What is Fragile X Syndrome?
Fragile x syndrome is a genetic condition which causes various degrees of intellectual disability, behavioural and learning challenges and distinctive physical features. Fragile X syndrome can affect both genders, however males generally present with a greater severity in symptoms. Statistics indicate that in Australia approximately 4,300 males and some 2,175 females currently may have the full mutation with associated intellectual disability (NCSEM, 2010).
Fragile X Cause
The term “Fragile X” refers to the alteration in the X chromosome – that is the change in DNA structure. Specifically, Fragile X is caused by the expansion or lengthening of the FMR1 gene on the X chromosome. The X chromosome is one of the two gender determining chromosomes. As the gene lengthens, it essentially ‘switches off’ production of a protein that is necessary for brain development and other functions.
Males tend to be more affected by Fragile X because they have only one X chromosome, and therefore have only one FMR1 gene. It this is not working, there is no ‘backup’. Females have two X chromosomes and therefore two FMR1 genes. If one gene has the alteration, the other will likely still work. If it is not working, a female may show some of the symptoms of Fragile X.
The Fragile X association of Australia have produced this basic digital animation of the genetic involved in Fragile X syndrome. Click here to watch the video. A genetic counsellor will be able to provide specific information for individuals.
Fragile X syndrome may lead to
- Developmental delay
- Intellectual disability
- Behavioural problems
- Mimicking behaviours
There are physical characteristics associated with Fragile X syndrome. Not all of characteristics listed below will necessarily be apparent in each individual with Fragile X. These are predominantly seen in males with Fragile X. Girls may show some of these symptoms, but usually to a lesser degree.
- Prominent ears
- Large testes
- Flexible joints (particularly finger joints)
- Flat feet
- A long, narrow face
Fragile X may lead developmental delays of varying severity. There can be cognitive impairment, ranging from a normal IQ with mild learning disabilities to severe intellectual disability (+/- autism).
- Males with Fragile X may present with:
- Delayed motor development
- Delayed speech and language development
- Repetitive and/or unclear speech
- Limited attention span
Features generally associated with autism such as limited eye contact, hand flapping, hand biting, hypersensitivity to sound, lights etc.
Females may also show the above symptoms and/or other distinctive characteristics such as:
- Short attention span,
- Social anxiety
- Learning difficulties
Is there a cure?
While there is currently no cure, the provision of early intervention services can assist people with Fragile X syndrome to reach their full potential. Each treatment plan will be tailored to the specific needs of each child, but more often than not, therapy will include aspects of:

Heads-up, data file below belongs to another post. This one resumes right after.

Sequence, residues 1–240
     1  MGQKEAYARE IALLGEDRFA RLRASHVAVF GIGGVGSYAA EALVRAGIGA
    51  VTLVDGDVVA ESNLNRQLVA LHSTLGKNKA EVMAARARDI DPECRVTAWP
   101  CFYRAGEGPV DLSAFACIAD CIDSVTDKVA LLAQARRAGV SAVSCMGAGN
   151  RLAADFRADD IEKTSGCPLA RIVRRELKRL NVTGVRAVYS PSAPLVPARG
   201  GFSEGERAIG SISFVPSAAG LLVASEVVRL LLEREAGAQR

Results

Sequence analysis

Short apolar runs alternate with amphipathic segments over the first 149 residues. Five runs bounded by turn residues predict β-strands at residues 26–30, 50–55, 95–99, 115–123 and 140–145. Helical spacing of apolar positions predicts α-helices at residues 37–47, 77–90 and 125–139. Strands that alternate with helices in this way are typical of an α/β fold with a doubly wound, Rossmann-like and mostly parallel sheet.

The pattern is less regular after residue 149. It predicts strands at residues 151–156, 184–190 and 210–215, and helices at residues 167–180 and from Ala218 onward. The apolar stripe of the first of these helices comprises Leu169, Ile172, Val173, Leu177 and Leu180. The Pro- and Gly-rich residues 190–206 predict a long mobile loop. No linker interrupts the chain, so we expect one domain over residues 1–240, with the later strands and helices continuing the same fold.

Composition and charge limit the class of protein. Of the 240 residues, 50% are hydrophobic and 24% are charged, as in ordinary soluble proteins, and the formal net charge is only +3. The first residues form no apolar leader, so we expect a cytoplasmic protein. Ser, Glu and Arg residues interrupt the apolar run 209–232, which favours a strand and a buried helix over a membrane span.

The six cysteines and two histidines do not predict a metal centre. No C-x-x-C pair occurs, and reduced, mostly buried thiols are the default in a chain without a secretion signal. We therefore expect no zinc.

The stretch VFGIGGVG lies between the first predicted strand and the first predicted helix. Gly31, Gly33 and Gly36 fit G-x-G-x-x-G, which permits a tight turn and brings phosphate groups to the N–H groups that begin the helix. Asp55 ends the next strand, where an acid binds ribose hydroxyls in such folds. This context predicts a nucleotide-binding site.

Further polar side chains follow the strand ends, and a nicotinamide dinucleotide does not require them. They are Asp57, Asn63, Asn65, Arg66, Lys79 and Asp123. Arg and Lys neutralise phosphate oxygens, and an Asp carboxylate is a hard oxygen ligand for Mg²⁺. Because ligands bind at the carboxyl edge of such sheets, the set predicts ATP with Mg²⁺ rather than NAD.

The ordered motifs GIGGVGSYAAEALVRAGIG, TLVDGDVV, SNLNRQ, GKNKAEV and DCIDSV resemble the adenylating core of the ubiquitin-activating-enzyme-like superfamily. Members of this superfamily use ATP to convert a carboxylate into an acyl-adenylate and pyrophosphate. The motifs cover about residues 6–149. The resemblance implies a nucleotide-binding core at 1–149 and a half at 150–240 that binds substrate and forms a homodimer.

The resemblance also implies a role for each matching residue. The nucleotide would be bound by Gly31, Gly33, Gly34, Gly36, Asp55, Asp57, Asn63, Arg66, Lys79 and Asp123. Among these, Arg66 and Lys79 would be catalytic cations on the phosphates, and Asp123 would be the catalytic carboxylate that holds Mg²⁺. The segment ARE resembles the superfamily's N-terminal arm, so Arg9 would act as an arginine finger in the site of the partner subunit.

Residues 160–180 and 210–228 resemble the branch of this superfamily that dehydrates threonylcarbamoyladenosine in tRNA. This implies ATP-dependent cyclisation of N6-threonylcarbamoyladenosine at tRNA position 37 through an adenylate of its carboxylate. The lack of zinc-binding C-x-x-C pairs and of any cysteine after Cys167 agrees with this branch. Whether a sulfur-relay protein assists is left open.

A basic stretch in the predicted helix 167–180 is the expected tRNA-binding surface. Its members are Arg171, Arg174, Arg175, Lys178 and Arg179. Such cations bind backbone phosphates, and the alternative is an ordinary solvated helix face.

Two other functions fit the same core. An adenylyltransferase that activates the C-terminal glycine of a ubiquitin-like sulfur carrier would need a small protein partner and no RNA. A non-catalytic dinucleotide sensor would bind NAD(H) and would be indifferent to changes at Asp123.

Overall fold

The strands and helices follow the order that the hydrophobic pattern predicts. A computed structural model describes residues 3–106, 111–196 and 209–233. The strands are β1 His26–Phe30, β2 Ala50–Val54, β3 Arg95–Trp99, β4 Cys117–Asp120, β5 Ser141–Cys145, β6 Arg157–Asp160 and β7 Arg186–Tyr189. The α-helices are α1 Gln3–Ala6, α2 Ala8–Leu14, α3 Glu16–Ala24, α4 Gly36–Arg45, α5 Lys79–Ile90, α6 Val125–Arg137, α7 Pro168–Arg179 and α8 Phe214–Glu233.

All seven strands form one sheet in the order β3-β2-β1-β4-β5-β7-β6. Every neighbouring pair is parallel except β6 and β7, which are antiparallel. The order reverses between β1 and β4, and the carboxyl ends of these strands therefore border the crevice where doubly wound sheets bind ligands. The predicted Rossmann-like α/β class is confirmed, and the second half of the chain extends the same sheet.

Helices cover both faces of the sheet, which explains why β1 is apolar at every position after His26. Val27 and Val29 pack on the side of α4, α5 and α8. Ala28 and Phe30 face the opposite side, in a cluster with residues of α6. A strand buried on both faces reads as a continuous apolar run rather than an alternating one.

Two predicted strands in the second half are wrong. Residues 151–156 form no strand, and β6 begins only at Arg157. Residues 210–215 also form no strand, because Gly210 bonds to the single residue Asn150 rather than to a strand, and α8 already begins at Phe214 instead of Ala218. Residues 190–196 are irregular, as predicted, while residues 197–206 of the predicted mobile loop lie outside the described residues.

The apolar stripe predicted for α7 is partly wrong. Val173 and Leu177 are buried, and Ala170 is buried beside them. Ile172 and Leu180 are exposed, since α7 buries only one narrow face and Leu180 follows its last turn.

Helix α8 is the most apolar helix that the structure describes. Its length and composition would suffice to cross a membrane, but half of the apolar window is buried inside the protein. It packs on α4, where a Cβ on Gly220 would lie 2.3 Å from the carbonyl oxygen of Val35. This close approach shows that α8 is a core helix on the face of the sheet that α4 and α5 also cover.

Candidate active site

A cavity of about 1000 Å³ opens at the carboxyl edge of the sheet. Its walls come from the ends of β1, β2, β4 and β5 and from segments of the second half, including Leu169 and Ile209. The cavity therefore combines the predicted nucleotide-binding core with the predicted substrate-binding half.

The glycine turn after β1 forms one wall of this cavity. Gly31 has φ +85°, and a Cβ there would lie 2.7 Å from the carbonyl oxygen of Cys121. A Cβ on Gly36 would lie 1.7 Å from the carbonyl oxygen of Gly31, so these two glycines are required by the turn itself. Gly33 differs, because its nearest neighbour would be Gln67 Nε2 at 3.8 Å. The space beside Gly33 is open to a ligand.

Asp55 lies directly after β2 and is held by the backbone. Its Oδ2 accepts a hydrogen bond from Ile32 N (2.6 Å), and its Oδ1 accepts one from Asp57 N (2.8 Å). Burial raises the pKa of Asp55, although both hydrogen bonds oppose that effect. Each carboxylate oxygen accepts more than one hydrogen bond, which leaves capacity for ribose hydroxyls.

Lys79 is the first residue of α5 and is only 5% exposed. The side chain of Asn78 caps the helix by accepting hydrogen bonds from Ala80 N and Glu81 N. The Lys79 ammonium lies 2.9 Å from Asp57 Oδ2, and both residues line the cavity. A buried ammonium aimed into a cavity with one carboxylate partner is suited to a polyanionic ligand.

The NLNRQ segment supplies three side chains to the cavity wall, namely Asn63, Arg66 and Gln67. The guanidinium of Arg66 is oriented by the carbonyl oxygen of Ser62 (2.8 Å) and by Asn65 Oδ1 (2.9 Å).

- School based learning support
- Speech and language therapy
- Occupational therapy and/or physiotherapy
- Medication support
An early intervention support team can support a child’s development. As part of our services at ENT Clinic Randwick, we are able to provide early intervention speech pathology services to children with Fragile X syndrome and support to their families. We are approved providers of the Australian government’s Better Start program which provides financial support for children (under the age of 6) if they are deemed eligible (in this instance, a confirmed diagnosis of Fragile X syndrome with full mutation). If you would like further information about how our speech pathology team can support your child, please call 1300 123 368.
This article was written by our speech pathologist Jenna Butterworth who is a Speech Pathology Australia member.
If you have questions about Fragile X syndrome, speech pathology or for results focused speech therapy, contact your local doctor who will arrange for you to see a speech pathologist in Sydney. Contact us today!
Resources for further information:
Hagerman, P. (2008). The Fragile X Prevalence paradox. Journal of medical genetics, 45, 768. Accessed online here.
NCSEM: National Centre for Social and Economic Modelling. (2010). The Prevalence of Fragile X Associated Disorders in Australia. Accessed online on 1.7.2013 here.
U.S Library of Medicine (2011). Fragile X syndrome. Accessed online on 1.7.2013 here.
Wijetunge, L.S., Chattarji, S., Wyllie, D.J. & Kind, P.C. (2013). Fragile X syndrome: from targets to treatments. Neuropharmacology, 63, 83-96.
Winarni, T.I., Schneider, A., Borodyanskara, M. & Hagermann, R.J. (2012). Early intervention combined with targeted treatment promotes cognitive and behavioural improvements in young children with fragile x syndrome. Case reports in Genetics.